Another Losing Season Notched in that "Tradition"

Monday, December 29, 2014

Capitol Hill High School photo 141229CapitolHillHighSchool_zps09094c13.jpgby Dan Sullivan

Among the dumbest arguments against changing the Washington team's mascot has been that that would mean Oklahoma would have to change its name. Idiots. But a simple epiphany revealed on a Harrisonburg radio talk show captures the kind of lightbulb moments that will lead to the inevitable outcome.One morning a fellow on WSVA 550 who had been on the fence about the controversy announced he had changed his opinion about the team name. The conversion came while watching a rerun of an old Daniel Boone television series episode. The story centered on a Native American child that was being enrolled in the frontier school. The telling scene was when the youth approached and was peppered by his classmates with clearly derogatorily intended pejoratives including the "R" word. In context and told by a series that originally aired in an era when we were much more embarrassed by our prejudices, the true message and meanness of the term rang out.

" has ties to a time when bounties were paid for the scalps of American is a racial slur like any other racial slur that we wouldn't print in the pages of a family newspaper." - The Oklahoman Online
At about the same time, those "insensitive" Oklahomans in one school district were deciding to remove that nickname from the teams at Capitol Hill High School in Oklahoma City despite "tradition." You see Oklahomans, in a state named for the red people, can distinguish the difference.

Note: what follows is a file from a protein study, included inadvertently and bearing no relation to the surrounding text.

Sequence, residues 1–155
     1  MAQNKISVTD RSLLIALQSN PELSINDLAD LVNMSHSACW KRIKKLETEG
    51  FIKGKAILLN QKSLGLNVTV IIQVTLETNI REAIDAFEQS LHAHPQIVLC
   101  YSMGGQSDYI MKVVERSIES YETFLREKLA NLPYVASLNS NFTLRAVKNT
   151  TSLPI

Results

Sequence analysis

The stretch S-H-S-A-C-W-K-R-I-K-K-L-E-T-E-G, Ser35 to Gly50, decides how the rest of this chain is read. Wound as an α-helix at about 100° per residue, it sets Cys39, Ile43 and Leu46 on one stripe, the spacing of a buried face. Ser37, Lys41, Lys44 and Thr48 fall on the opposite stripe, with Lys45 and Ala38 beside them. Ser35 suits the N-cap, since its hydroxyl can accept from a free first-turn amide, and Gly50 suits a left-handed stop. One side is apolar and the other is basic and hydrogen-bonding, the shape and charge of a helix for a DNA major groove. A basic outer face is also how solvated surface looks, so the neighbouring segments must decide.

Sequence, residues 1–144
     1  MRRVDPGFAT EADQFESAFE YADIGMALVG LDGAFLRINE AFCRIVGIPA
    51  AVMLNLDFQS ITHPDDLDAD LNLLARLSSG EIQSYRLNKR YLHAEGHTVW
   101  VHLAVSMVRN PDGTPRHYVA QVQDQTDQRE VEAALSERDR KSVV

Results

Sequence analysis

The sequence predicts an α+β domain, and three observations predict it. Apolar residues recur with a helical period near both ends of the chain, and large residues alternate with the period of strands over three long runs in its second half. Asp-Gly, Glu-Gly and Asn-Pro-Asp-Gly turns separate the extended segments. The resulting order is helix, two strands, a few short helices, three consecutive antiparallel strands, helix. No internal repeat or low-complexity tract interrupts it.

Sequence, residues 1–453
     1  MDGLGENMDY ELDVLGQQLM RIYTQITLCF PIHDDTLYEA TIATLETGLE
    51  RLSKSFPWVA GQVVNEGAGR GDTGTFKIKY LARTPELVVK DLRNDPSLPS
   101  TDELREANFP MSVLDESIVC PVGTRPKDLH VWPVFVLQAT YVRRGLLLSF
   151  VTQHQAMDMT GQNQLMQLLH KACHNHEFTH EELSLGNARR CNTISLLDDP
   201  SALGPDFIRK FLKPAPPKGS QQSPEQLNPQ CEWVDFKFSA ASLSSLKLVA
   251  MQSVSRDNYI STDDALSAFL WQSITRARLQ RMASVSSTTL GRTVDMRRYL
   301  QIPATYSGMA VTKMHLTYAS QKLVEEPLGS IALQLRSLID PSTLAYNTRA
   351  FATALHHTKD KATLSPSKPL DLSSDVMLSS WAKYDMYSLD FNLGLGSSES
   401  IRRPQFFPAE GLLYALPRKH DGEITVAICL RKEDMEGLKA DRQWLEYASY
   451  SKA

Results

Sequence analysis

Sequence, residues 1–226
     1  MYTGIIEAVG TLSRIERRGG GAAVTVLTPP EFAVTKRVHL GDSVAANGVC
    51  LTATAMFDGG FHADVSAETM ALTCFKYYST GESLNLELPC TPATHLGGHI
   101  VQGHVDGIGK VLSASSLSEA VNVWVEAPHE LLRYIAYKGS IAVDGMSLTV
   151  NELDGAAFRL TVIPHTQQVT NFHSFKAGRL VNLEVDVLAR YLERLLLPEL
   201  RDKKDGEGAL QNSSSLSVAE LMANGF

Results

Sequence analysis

The Oklahoma City School Board, after listening to the impassioned pleas from students, teachers and a district official who characterized the 88-year-old nickname as offensive and harmful - particularly to American Indian students - voted 8-0 to make the change. - The Oklahoman Online
There were many alumni that opposed the change in the name of tradition. And unlike the team in DC, the Oklahoma City school's teams and alumni have a consistent history of accomplishment. But part of that tradition includes exclusion originating in the years when the name was adopted. You know, when the high school was lilywhite.

"I was actually surprised about how well-received it was. I thought that I would have to do more education on our end to let them learn about the word," said Star Yellowfish, the district's administrator for American Indian student services. "But they get it. They got it, and they care about our kids...It is important to know the powerful image that is brought to mind when our people hear this word," she said.
Snyder ought to get this over, fire his General Manager, and get on with letting someone build a team that Washington can be proud of instead of being an international embarrassment.